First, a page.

Many styles of music strive to be the most depressing. Black metal bands, outlaw country singers and Future have all vied over embodying the most anguished and downtrodden personas. But no amount artistic masking or crafted intent can rival the depression that stems from a hard life of poverty, prejudice and prayer.

The proliferation of blues music in the early 20th century South made possible for these themes to be placed in an appropriate context and musical style that provided them with immortal impact, if by ethos alone. 

Most people are familiar with 1930s blues musician Robert Johnson, who allegedly made a Faustian deal in order to compose seemingly simple but surprisingly complex guitar songs. His mysterious Mississippi death in 1938 made him one of the first members of the “27 Club.” But, at least Johnson had received some success during his lifetime. Other blues musicians were recognized only after they had died impoverished.  

In that vein, Blind Willie Johnson — not to be confused with Blind Willie McTell or Robert Johnson — was a blues musician and preacher from Texas who faced hardships and a disability throughout his life and eventually died homeless in a burned down house from several ailments in 1945. However, Johnson’s reputation did not die with him and would become amplified in the decades that followed. 

Among the reasons for continued interest in Johnson is primarily a 1927 Columbia-released song he wrote and performed called “Dark Was the Night, Cold Was the Ground.” It is a song so intrinsically depressing that it needs no words to express its message that is immediately evident.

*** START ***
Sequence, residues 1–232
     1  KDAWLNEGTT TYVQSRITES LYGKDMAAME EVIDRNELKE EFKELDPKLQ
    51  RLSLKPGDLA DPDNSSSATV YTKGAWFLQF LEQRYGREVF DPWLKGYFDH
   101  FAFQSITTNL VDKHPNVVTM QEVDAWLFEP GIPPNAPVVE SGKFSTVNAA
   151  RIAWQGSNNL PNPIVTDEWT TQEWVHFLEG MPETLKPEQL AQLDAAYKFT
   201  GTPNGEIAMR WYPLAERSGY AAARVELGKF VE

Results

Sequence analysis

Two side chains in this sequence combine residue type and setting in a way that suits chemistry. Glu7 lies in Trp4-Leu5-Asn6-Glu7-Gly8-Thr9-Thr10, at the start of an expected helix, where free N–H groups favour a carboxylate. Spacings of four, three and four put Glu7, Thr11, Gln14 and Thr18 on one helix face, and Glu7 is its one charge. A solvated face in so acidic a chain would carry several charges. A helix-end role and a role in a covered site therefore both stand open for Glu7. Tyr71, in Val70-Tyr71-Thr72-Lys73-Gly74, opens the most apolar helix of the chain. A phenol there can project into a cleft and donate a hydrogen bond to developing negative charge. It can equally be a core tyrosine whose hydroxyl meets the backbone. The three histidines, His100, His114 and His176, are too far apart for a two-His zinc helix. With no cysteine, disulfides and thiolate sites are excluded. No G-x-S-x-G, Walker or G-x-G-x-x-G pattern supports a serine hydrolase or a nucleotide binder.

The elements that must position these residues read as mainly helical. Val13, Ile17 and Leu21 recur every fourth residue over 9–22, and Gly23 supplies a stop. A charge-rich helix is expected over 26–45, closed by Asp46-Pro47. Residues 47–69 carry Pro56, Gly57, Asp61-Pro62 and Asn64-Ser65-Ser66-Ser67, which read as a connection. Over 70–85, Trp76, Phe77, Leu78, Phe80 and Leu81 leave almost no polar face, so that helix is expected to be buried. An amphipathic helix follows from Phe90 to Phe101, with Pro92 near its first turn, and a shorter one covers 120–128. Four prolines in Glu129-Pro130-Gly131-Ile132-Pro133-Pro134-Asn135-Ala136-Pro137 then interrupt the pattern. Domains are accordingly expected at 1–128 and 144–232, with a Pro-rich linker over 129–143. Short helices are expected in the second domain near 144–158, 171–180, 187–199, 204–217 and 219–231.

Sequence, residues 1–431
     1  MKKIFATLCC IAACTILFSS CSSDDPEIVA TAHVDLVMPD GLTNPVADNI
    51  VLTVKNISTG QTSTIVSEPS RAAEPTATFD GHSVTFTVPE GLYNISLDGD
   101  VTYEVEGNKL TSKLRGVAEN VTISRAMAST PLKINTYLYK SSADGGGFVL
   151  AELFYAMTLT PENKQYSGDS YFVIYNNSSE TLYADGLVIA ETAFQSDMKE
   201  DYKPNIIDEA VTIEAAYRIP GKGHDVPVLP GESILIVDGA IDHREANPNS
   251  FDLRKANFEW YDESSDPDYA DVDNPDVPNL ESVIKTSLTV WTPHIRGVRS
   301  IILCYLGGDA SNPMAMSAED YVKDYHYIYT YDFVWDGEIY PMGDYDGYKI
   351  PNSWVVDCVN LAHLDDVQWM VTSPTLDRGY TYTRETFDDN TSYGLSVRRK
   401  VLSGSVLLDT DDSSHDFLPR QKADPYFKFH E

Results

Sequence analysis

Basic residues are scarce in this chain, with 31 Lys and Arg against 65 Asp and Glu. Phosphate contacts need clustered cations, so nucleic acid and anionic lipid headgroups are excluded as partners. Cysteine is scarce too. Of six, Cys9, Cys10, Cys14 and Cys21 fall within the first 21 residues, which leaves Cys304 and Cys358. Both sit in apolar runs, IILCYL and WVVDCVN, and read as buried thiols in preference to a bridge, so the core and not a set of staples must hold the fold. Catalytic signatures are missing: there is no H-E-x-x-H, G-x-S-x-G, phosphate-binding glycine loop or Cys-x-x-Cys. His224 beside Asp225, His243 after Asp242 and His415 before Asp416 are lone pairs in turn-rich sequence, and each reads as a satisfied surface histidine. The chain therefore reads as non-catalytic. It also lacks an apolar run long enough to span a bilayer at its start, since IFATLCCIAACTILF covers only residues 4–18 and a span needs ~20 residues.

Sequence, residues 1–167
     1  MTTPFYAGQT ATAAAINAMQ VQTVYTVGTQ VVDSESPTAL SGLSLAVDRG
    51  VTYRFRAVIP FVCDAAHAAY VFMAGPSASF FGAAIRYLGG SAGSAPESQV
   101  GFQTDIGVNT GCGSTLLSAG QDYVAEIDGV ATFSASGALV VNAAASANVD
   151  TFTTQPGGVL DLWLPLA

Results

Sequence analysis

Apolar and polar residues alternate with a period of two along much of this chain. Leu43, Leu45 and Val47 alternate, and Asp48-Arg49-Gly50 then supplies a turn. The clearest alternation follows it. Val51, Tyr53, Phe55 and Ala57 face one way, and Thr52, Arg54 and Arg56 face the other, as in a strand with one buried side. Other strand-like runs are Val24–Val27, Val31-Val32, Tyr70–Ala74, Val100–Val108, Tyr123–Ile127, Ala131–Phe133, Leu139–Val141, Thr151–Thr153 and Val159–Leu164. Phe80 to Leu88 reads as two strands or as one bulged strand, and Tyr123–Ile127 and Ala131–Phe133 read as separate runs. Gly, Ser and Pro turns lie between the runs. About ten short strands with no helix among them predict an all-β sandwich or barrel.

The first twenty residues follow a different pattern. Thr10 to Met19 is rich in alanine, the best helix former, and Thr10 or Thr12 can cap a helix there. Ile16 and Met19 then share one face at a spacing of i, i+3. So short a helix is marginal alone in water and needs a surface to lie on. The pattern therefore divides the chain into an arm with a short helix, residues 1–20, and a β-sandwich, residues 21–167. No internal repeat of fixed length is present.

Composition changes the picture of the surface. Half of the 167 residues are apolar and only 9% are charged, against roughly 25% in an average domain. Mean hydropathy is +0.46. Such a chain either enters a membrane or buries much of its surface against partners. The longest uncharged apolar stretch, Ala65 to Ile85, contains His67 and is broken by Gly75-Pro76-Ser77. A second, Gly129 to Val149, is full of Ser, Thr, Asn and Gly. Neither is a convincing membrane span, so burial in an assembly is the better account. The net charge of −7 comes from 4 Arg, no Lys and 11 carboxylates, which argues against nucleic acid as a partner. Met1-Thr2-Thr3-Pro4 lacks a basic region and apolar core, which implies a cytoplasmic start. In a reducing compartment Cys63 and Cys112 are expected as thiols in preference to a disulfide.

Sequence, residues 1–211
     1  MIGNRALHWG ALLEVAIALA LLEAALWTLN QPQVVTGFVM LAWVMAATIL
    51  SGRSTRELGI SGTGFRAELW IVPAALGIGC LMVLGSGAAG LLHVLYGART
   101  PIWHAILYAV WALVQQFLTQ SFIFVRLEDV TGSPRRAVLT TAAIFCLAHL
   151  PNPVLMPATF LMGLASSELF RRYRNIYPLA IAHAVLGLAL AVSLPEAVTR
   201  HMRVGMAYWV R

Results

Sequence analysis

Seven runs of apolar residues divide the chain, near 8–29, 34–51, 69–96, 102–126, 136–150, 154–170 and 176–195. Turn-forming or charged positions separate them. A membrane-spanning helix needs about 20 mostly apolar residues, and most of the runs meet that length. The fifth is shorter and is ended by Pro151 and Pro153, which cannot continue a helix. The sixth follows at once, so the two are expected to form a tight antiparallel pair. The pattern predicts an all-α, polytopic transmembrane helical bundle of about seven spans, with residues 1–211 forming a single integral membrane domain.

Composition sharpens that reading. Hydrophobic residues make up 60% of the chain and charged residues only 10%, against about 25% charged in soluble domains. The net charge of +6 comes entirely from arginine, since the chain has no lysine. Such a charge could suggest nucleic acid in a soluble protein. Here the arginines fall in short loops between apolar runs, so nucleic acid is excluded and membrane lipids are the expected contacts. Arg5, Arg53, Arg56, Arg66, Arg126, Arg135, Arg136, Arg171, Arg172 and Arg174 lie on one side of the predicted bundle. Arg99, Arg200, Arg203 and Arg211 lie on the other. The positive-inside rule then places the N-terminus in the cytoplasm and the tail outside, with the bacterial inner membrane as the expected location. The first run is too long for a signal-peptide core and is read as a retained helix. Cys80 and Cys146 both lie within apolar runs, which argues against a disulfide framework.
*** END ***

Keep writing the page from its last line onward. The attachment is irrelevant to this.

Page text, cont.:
Over the course its three minutes and 21 seconds, Johnson plays demon-conjuring slide guitar substituting a knife for a bottleneck (Guitar Player). The only comfort the song offers over the resonant, lurching notes comes from Johnson’s chesty hums and moans, said to emulate a church choir. The title of the work also originates from a 1792 English hymn by Thomas Haweis set in the Garden of Gethsemane, alluding to Christ’s crucifixion, and cementing religious overtones of human suffering. 

“Dark Was the Night” not only captures the sorrowful essence of Johnson’s southern life, but transcends cultural contexts to encapsulate a universal feeling of encroaching despair. Although Blind Willie Johnson never left North America in his life, his signature song has since been interpolated by English rock band Led Zeppelin and used in the film The Gospel According to St. Matthew by legendary Italian filmmaker Pier Paolo Pasolini. 

In 2010, The Library of Congress deemed the single culturally significant enough to preserve in its National Recording Registry. But long before that recognition, Carl Sagan chose to include the song on the Voyager Golden Record in 1977 that would be carried by the Voyager 1 probe, which introduced the song to an even wider audience of earthlings. 

All of those creators recognized the transcendental sadness Johnson’s playing evoked on every listen. It almost feels like “Dark Was the Night” never starts nor stops, but continues to haunt the listener after the final chord until the next listen. Sagan described the significance of the song as “nightfall with no place to sleep,” which metaphorically sums up suffering and depression. 

No other song possesses the background or execution that can match the dismal atmosphere summoned in “Dark Was the Night, Cold Was the Ground.” Its lack of lyrics displays Johnson’s withdrawal of trying to make sense of the world — he is only concerned with surviving in it. 

In “Dark Was the Night,” Johnson lets his pain and uncertainty translate through his voice and guitar in its purest form and, thanks to Columbia Records, his painful catharsis will linger on so long there is another night to pass. 

Luke Furman is a senior studying journalism at Ohio University. Please note that the views and opinions of the columnists do not reflect those of The Post. What do you think? Let Luke know by tweeting him @LukeFurmanLog or emailing him at lf491413@ohio.edu. 

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